This is probably the most frequently asked question by people who are interested in vegan nutrition: "Is it possible to get enough protein as a vegan?"
That's why we would like to introduce you to the top 7 vegan foods that are characterized by having a high protein content. It is important to choose foods that on the one hand have a high protein content, and on the other hand are readily available
To compare the protein content, we always look at 100 kcal of the respective food. We advise against a comparison of 100 g, as 100 g of a certain food often has significantly more calories than 100 g of another food.
One of the top vegan protein bombs. On average, tofu contains around 11 g of protein for every 100 kcal. It can be prepared in many different ways. Whether crumbled in chili sin carne, marinated in one piece on the grill or pureed, tofu is an allrounder. It is also available in many different variants. From smoked, which has a slightly firmer consistency, to silken, which is perfect for creating desserts and sauces. In addition, tofu is now available in almost every grocery store.
With almost 8 g protein per 100 kcal, it is a high-fiber protein source. The small legume can be found in classic dishes such as stews, but also in international dishes. They are cheap and available in every grocery store. Unlike other legumes, lentils do not need to be soaked for several hours and can therefore be prepared quickly.
You are probably familiar with hummus. Did you know that one of the main ingredients is chickpeas? The delicious legume can be used in many ways. In a crunchy salad, roasted in the oven or pureed in a spread. Chickpeas provide around 6 g of protein for every 100 kcal.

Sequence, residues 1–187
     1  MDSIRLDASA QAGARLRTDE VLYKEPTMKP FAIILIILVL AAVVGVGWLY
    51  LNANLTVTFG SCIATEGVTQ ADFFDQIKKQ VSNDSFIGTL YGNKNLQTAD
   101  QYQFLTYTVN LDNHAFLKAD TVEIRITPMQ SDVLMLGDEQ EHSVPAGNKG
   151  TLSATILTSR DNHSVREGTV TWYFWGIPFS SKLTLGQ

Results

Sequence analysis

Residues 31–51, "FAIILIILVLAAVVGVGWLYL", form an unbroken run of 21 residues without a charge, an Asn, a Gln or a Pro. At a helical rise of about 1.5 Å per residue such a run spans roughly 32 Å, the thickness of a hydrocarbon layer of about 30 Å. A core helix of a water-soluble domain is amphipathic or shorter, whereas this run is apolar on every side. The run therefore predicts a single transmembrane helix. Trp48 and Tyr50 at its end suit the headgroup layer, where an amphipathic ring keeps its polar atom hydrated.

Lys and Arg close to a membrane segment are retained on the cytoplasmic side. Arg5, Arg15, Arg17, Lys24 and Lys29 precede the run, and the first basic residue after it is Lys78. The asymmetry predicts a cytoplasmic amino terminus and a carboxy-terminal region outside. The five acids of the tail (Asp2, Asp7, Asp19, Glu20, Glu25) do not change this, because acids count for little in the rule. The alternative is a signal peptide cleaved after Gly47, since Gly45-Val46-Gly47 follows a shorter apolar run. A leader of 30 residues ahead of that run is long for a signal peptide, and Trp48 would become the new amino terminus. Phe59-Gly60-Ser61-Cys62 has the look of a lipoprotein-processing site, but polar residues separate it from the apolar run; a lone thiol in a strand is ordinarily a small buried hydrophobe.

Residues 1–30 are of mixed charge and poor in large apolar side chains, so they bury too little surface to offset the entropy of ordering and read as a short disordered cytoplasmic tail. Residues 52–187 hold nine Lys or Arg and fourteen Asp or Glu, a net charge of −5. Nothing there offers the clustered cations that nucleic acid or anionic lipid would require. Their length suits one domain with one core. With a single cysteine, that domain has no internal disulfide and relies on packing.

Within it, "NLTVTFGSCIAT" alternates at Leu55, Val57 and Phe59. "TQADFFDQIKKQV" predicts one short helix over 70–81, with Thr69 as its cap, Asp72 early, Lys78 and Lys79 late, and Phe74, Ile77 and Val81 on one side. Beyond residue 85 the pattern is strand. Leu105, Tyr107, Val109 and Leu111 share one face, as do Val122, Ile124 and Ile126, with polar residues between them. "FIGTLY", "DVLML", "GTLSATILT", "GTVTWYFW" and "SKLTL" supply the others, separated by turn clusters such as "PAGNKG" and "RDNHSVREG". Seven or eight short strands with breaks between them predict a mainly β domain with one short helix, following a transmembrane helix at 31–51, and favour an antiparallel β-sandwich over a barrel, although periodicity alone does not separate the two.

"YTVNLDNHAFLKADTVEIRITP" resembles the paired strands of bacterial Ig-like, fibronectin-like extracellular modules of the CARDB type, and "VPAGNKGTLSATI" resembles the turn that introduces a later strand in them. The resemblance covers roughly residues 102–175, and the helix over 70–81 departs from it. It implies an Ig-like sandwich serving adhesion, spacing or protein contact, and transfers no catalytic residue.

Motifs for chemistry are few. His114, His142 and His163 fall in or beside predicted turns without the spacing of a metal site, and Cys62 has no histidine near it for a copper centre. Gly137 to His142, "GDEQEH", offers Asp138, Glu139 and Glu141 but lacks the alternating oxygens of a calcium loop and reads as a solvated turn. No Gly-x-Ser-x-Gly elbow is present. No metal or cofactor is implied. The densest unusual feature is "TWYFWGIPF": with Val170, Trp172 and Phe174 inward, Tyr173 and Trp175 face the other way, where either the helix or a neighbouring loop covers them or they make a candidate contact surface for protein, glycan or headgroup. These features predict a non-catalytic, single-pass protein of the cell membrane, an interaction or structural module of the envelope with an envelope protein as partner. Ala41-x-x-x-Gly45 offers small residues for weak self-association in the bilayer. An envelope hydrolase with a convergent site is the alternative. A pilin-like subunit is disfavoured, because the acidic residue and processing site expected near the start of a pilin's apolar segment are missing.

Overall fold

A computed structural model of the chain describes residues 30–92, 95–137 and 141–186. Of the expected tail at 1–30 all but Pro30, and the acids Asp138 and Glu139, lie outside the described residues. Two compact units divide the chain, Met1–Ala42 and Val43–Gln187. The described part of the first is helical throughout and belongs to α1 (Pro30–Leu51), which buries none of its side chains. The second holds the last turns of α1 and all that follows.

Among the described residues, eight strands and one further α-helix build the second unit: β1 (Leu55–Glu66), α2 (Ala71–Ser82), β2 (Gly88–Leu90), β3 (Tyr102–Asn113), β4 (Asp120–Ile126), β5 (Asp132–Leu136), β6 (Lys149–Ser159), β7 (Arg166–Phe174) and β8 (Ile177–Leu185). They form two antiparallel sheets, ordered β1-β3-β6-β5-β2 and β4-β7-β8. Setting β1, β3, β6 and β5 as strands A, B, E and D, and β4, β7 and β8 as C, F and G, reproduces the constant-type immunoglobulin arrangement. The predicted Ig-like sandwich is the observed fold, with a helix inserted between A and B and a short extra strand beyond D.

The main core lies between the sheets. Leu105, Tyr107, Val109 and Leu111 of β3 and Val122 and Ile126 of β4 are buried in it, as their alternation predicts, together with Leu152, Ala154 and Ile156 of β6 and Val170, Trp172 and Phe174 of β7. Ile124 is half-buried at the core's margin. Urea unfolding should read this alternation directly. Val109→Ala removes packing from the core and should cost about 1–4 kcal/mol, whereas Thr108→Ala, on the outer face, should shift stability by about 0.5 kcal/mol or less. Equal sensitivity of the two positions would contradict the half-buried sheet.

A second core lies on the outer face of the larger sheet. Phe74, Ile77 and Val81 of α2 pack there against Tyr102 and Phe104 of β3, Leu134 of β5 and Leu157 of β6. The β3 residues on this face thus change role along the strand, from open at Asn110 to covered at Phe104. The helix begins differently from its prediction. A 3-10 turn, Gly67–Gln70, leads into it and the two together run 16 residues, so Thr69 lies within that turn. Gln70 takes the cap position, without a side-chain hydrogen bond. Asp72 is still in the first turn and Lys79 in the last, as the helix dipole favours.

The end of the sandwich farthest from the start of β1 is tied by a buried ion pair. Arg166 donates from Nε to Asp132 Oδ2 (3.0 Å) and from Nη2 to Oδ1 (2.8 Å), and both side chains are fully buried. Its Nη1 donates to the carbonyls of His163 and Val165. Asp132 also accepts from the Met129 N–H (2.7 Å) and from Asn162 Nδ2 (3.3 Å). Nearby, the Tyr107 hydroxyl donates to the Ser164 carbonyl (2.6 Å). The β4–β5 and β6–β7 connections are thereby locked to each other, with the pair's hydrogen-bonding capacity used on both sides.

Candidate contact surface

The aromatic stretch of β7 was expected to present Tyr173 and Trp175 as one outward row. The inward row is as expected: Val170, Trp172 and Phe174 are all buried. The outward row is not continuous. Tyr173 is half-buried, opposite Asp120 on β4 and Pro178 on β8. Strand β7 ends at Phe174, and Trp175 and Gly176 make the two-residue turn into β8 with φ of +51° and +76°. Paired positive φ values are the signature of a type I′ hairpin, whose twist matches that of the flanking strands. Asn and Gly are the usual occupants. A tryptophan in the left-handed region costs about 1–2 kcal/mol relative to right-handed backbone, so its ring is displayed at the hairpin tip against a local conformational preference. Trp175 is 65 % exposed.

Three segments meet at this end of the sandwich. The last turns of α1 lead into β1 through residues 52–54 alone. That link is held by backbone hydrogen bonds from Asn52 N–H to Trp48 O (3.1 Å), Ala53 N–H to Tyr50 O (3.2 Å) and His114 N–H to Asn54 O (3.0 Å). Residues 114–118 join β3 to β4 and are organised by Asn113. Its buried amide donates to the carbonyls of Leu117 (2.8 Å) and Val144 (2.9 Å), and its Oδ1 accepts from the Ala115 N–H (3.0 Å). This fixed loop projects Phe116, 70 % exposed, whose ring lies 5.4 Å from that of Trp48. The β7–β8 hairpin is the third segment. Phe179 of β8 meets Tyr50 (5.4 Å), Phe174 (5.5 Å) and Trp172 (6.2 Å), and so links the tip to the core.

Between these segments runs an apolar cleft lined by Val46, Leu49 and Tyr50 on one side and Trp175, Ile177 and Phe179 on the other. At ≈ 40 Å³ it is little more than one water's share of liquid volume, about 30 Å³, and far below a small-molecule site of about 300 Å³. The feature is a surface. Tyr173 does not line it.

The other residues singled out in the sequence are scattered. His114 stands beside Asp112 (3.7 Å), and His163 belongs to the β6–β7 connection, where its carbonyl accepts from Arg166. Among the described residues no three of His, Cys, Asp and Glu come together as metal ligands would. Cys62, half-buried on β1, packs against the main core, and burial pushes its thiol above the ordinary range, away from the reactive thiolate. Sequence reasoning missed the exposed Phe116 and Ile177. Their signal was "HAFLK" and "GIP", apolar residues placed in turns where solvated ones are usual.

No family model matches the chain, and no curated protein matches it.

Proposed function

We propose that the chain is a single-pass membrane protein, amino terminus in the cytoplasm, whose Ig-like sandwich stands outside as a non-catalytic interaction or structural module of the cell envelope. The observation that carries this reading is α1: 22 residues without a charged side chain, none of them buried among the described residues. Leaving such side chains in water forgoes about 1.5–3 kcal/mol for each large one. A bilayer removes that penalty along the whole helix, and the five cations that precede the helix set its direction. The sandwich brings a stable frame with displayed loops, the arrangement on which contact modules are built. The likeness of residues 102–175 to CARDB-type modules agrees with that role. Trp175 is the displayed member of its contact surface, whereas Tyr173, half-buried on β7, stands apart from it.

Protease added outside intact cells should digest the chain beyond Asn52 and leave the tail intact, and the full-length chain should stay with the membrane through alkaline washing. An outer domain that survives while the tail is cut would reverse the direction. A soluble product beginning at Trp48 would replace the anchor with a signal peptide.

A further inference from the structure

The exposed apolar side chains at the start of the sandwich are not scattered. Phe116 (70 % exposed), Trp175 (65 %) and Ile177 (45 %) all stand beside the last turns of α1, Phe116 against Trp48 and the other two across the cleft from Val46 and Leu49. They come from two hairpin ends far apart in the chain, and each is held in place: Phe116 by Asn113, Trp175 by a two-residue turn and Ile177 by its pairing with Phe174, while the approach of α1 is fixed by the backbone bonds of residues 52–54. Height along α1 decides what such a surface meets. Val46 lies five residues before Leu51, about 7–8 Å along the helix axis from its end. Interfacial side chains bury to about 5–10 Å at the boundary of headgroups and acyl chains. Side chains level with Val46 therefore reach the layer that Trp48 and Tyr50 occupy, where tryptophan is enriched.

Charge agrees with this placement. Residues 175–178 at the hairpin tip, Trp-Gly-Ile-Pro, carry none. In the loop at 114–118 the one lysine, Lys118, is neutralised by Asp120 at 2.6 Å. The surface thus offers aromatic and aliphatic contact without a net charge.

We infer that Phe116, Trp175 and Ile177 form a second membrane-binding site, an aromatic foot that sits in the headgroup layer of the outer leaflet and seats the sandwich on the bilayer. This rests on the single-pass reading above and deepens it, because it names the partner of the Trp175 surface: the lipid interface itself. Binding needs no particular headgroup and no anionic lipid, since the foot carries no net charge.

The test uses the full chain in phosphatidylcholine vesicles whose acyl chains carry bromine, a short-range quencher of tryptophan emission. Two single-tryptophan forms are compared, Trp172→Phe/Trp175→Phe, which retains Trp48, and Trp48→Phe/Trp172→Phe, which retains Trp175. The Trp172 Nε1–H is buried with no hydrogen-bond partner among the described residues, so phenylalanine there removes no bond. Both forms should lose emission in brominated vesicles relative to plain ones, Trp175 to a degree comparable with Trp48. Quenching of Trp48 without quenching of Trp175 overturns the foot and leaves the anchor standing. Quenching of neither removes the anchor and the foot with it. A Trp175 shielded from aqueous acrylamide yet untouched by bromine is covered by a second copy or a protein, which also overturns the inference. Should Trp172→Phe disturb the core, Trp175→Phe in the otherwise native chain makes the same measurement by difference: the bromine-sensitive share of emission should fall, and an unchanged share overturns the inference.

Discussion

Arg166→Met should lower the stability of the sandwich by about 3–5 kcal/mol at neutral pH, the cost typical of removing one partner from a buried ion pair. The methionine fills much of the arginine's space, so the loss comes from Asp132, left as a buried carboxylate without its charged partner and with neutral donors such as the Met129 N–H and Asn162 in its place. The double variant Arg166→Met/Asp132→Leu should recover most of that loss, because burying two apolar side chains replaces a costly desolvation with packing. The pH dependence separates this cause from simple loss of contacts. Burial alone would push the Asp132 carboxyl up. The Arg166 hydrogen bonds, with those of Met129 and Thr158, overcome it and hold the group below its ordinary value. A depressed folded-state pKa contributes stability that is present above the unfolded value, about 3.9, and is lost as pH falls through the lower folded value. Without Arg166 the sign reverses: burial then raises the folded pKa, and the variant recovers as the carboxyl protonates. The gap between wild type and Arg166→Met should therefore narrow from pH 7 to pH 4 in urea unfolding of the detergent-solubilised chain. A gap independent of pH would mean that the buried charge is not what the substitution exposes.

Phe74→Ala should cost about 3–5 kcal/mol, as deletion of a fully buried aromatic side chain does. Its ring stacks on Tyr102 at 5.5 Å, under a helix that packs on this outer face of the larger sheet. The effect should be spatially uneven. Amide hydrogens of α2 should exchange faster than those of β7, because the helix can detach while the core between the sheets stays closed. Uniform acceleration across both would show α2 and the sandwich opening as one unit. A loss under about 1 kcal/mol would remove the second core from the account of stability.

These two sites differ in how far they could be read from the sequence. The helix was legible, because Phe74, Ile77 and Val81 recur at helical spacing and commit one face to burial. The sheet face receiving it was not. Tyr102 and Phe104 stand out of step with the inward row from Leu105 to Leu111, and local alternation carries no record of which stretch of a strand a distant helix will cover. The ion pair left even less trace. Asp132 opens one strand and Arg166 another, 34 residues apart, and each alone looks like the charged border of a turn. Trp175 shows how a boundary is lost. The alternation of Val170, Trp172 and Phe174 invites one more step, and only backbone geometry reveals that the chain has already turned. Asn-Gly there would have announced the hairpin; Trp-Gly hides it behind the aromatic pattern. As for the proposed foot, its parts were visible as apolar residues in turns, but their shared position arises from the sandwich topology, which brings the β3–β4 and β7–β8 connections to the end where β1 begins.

With a concentrated 20 g protein per 100 kcal, Seitan is the top vegan protein source. Seitan is often found in Japanese cuisine and is also known to us as wheat protein. If you have a gluten intolerance, you should therefore avoid seitan. For everyone else, it's an ideal food to ensure your daily intake of protein. Unfortunately, seitan is not yet available in every grocery store. You can find it in well-stocked supermarkets, and most Asian stores.
Who would have thought that broccoli has a higher protein content than tofu, with almost 12 g protein per 100 kcal? This is due to its low calorie density. To get 12g of protein from broccoli, you need to eat about 300g of broccoli. Perfect, if you like to big portions. Another advantage: broccoli is cheap and available all year round.
Kidney beans are not only one of the main ingredients in a vegan Chili sin Carne, but can also be found in many other recipes. Whether in wraps, salads or even in chilies, this little protein bomb has a whopping 7 g protein per 100 kcal. Canned kidney beans are pre-cooked. If you want, you can buy the beans dried, soak them in water and cook them yourself. They are cheap in both variants.
Mushrooms are the secret champion of our list. 16 g of protein per 100 kcal are hidden in these little delicious umami bombs. They have a very low calorie density. That's why mushrooms shouldn't be your main source of protein. To get 100 calories, you have to eat about 500 g of mushrooms.
As you can see, there are many foods that provide you with enough protein in a vegan diet and don't break your budget. Fancy trying a vegan diet? Get the feastr meal plan and see for yourself how easy it is to eat vegan diet and build muscle at the same time.